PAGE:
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Wedge's Gamble (Star Wars: X-Wing Series, Book 2) Paperback – May 2, 1996
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Top Customer Reviews
There are so many characters in this book, many of whom are indistinguishable, that things are very confusing. There are too many plotlines going on at once, with the main plotline of the book, Corran's plotline involving his father and people he used to work with, Loor's plotline, Wedge's plotline, Gavin's plotline, etc. But then there are tons of other minor characters to whom I can't put a distinct face or personality, and the net effect is confusion.
In addition, while thankfully there are less space battles in this book (the most difficult to visualize and follow), there's a heavy dosage of hard-to-follow shootouts here that are equally difficult to follow. And this book is supposed to portray none other than the taking of Coruscant.
I struggled through Rogue Squadron, and I struggled through this one. It's just not fun to read for me and I don't find myself connecting very well. I feel that Stackpole creates too many characters and gets bogged down in descriptions of battles whereas what we care about most (the taking of Coruscant by the Rebels) slides largely into the background and becomes secondary in importance to the romantic family drama.
In this way, I feel that what Stackpole does here is similar to what Traviss did with the Republican Commandos. They both have excellent subject matter at their hands but they push it to the side and instead focus heavily on relationships between non-film minor characters.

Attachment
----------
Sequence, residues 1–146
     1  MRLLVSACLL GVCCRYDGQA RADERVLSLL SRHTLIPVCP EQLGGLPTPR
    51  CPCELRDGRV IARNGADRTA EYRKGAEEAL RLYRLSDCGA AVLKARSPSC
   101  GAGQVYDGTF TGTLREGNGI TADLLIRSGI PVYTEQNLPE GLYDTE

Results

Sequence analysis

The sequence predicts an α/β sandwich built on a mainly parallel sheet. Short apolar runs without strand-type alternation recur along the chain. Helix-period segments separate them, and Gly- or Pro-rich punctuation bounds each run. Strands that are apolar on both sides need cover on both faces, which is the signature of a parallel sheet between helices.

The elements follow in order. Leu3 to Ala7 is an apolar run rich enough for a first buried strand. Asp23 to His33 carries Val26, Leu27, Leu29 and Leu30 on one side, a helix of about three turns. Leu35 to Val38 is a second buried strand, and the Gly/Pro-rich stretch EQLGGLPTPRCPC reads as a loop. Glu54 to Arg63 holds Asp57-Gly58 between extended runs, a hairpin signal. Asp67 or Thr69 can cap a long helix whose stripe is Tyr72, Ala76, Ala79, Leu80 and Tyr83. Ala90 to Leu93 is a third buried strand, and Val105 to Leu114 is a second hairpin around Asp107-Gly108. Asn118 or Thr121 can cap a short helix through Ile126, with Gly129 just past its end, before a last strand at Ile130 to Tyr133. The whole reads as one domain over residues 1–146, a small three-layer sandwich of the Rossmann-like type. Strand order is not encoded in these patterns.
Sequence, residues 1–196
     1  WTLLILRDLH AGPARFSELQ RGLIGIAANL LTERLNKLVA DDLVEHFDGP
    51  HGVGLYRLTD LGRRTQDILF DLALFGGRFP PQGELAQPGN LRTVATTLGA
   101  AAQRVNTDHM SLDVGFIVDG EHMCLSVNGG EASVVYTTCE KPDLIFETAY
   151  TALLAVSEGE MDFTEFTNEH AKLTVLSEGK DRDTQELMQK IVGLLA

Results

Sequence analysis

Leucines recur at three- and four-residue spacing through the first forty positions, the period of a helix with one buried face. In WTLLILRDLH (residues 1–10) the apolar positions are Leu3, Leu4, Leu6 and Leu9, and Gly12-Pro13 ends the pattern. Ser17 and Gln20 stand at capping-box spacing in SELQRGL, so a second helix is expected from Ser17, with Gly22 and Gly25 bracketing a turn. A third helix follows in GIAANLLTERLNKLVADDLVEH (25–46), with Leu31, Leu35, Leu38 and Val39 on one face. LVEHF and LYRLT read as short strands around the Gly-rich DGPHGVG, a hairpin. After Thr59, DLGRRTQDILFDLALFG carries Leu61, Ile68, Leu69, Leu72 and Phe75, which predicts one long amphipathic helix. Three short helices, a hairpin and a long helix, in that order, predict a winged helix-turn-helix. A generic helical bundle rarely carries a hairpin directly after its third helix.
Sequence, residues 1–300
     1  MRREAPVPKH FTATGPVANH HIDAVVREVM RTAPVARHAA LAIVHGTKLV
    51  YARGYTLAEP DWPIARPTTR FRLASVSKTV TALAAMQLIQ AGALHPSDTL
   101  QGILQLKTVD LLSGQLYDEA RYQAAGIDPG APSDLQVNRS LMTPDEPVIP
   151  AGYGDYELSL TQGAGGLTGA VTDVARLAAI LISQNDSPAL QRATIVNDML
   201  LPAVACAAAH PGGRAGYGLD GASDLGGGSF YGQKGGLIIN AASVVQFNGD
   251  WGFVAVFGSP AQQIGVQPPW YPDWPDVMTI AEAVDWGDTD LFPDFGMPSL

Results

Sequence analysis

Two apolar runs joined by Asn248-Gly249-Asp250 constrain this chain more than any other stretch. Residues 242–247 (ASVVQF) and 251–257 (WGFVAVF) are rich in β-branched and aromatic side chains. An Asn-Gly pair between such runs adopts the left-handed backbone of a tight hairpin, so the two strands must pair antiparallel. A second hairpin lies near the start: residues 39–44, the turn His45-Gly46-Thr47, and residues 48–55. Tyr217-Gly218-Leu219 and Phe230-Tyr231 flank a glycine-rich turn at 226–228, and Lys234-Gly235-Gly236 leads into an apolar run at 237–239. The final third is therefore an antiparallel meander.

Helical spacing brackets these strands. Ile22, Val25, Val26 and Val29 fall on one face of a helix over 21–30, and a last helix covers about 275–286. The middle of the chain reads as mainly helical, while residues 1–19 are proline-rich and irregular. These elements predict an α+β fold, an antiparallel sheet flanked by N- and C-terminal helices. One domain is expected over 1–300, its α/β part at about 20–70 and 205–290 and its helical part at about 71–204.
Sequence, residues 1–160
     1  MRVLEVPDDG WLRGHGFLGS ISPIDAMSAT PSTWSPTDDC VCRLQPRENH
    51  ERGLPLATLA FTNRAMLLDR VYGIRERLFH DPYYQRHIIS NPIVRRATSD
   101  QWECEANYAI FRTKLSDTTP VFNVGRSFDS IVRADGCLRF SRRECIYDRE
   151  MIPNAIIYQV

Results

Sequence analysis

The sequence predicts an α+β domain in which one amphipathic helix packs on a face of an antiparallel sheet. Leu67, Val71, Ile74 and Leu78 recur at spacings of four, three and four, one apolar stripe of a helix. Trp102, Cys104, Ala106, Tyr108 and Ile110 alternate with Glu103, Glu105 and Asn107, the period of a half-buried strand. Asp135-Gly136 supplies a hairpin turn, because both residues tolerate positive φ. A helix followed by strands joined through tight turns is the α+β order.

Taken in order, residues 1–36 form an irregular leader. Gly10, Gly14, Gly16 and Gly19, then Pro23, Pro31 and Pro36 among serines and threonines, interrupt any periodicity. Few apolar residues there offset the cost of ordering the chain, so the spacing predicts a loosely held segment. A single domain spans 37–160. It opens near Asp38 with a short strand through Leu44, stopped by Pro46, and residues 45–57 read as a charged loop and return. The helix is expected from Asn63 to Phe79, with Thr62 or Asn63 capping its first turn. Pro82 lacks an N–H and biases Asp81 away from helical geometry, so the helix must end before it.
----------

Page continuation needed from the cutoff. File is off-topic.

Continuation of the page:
And don't get me wrong, I don't have a problem with action scenes in novels per se--Karen Traviss wrote them excellently in Hard Contact, for example--but you have to do them right. The author of the Corellian trilogy who spent like 40 pages describing a crash is an example of how NOT to do an action scene, and Stackpole is in this territory.
I'm glad people can appreciate these books, but honestly they're not for me.
Stackpole successfully blends a military feel, a stereotypical elite (and unconventional) military unit, and the Star Wars universe to create an interesting and worthy addition to the Star Wars universe. Although occasionally some of the "big names" from Star Wars make an appearance or are mentioned, this series focuses on the pilots in Rogue Squadron.
In "Wedge's Gamble," the Rogue Squadron members go undercover on a mission that doesn't really require their piloting skills. This book is more of a spy thriller with lots of personal action on the ground than the previous book, and unfortunately it suffers because of this.
Stackpole's second book in the X-Wing series is a big drop-off from the first, even though it is true to the original Star Wars movies. However, this book sets the stage for the final two books in the series.